Published: Wed, May 09, 2018
Arts&Culture | By Antoinette Montgomery

Norwegian Paper Drops Bombshell - TIDAL Accused of Faking Kanye & Beyonce Streaming Numbers

Norwegian Paper Drops Bombshell - TIDAL Accused of Faking Kanye & Beyonce Streaming Numbers

They are hoping to expose their predicted "several hundred million false plays" which they say has "generated massive royalty payouts at the expense of other artists".

The paper first became suspicious of TIDAL when back in March 2016, the service claimed that Kanye West's The Life Of Pablo, had been streamed 250m times in just 10 days, and that Beyonce's Lemonade - a Billboard 200 No.1 album - was streamed 306m times within the first 15 days of its release.

The newspaper is making the claims based on their receipt of a hard drive containing, according to them, "billions of rows of [internal TIDAL data]: times and song titles, user IDs and country codes". "Life of Pablo" was available exclusively on Tidal for six weeks before it was released on other platforms. That averages out to almost seven "Lemonade" streams a day per user.

The report states that Tidal intentionally falsified streaming numbers for Beyonce's "Lemonade" and Kanye West's "Life of Pablo", respectively.

And those streaming totals resulted in massive royalty payments to the labels responsible for the releases: €4 million ($4.7 million U.S.) to Sony in April and May 2016, of which Lemonade accounted for around $3 million USA, and €3.2 million ($3.8 million U.S.) to Universal in February and March 2016, of which The Life of Pablo accounted for roughly $2.4 million U.S.

Contacting the Norwegian University of Science and Technology, the newspaper discovered "there has in fact been a manipulation of the [TIDAL] data at particular times". Many of those interviewed said these stats are false.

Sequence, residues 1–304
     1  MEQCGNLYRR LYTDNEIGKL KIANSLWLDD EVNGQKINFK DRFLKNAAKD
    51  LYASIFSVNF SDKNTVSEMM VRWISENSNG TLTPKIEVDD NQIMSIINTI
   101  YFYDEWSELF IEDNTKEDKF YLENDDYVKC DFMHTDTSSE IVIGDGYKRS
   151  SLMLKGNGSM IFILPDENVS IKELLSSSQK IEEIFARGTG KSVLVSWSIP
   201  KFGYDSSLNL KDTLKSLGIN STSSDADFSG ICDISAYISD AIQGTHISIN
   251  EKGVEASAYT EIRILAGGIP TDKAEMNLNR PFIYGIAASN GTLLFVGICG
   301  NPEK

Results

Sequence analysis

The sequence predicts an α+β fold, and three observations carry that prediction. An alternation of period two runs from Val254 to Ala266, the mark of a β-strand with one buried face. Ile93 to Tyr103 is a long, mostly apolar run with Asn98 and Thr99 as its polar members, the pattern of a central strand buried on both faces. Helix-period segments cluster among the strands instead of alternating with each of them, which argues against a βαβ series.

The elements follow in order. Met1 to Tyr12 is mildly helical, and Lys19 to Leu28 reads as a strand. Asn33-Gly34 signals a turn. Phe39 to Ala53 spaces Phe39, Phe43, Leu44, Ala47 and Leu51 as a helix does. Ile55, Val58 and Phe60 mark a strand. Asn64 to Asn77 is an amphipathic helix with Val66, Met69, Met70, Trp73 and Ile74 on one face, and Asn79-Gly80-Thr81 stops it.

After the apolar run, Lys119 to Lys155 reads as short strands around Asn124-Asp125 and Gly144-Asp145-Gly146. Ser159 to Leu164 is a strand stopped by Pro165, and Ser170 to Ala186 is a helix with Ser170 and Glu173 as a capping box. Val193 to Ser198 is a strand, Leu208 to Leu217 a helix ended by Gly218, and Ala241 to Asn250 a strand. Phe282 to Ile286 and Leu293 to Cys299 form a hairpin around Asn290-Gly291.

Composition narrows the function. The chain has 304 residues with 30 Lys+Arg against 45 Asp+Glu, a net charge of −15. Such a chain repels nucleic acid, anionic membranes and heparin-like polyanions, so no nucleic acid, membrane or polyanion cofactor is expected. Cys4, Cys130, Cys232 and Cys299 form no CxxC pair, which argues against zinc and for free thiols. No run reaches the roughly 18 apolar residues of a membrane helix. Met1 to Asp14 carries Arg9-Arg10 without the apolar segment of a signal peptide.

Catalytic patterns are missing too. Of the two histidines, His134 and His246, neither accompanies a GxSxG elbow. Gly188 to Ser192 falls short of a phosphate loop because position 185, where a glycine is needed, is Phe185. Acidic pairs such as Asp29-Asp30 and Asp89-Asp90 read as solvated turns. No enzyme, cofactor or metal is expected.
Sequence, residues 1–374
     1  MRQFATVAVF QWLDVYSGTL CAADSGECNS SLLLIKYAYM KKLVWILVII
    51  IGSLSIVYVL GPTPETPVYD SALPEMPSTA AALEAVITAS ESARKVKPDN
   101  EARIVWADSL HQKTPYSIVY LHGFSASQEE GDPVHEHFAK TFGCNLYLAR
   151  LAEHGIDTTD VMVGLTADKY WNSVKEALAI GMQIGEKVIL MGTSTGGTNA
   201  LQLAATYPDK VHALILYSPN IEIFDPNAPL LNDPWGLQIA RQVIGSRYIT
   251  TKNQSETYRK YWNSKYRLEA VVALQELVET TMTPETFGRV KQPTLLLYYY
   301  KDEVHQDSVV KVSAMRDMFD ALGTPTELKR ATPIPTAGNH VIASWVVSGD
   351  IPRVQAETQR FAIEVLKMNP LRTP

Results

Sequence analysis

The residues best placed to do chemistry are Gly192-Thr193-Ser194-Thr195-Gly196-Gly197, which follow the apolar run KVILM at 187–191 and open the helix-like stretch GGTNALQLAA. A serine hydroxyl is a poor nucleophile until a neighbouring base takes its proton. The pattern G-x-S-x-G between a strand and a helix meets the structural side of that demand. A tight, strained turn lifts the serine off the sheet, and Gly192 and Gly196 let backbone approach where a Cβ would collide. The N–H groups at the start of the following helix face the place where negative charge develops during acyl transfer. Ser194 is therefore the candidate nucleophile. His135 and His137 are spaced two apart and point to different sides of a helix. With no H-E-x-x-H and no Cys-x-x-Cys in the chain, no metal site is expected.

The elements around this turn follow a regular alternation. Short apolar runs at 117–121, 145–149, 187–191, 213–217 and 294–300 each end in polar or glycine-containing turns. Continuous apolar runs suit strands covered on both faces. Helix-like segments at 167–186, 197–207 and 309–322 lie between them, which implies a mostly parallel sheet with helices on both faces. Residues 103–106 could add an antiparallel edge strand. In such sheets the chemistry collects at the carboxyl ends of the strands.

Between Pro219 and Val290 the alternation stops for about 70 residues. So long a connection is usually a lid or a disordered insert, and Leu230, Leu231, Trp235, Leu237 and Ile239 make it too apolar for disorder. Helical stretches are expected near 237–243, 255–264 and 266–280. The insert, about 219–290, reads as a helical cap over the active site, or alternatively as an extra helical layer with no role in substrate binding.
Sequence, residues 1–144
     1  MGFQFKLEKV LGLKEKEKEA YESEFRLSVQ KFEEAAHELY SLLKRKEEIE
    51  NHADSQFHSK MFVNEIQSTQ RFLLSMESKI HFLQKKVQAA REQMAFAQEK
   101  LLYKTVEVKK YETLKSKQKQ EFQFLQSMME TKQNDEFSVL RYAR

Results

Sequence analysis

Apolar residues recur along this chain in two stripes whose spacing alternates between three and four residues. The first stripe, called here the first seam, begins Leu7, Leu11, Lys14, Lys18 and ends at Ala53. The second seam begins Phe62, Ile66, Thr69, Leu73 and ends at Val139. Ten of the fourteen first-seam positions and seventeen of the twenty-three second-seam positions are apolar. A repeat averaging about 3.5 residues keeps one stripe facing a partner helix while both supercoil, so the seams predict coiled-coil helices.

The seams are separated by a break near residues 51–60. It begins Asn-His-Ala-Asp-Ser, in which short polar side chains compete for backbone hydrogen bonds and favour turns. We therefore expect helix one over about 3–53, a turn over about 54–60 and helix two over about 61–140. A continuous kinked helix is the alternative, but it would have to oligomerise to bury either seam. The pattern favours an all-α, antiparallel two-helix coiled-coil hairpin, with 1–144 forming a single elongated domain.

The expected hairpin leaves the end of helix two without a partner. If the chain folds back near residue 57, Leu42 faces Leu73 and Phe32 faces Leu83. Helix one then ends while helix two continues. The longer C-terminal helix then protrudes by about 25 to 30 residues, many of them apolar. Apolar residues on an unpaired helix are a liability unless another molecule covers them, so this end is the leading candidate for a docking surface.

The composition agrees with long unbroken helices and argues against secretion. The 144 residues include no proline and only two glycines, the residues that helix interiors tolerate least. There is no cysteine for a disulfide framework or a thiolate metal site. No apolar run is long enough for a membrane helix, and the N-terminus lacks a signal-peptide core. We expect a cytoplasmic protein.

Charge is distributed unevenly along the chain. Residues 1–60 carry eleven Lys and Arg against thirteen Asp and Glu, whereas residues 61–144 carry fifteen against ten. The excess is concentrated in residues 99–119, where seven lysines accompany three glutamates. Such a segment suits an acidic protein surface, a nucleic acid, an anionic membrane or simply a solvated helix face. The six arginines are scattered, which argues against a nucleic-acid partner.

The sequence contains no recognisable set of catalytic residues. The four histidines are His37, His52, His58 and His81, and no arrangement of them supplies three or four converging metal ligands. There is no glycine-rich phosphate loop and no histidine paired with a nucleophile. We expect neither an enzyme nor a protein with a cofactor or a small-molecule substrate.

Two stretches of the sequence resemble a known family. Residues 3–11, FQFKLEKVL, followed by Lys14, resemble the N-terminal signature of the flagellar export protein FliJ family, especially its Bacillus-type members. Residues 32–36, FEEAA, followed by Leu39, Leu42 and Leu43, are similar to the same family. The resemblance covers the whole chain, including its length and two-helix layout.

"Through advanced statistical analysis, we have been able to determine that data has been manipulated during certain periods", CCIS wrote in its 74-page report. "The manipulation appears targeted towards a very specific set of track IDs, related to two distinct albums", found the researchers (pdf) at NTNU's Center for Cyber and Information Security.

There is also nothing to indicate a data breach from the outside leaving us to conclude that the manipulation happened within TIDAL itself. "We're not looking to acquire any streaming services".

When Jay-Z had announced his plans to operate TIDAL a few years ago, many artists rushed to join him, buying stakes in the company and partnering with Jay to run a rival streaming service to Spotify and Apple Music. The star-studded rollout promised to usher in a new era of streaming.

The paper goes on to say that an inflated streaming count allowed the company to pay higher amounts of royalties to the artists.

Plagued by mismanagement, Tidal has been all but forgotten in the streaming music wars.

Tidal, by contrast, hasn't released updated subscriber models. This led Norwegian based newspaper Dagens Naeringsliv to investigate and in January 2017, they uncovered documents that suggested that TIDAL had been deliberately inflating its subscriber figures.

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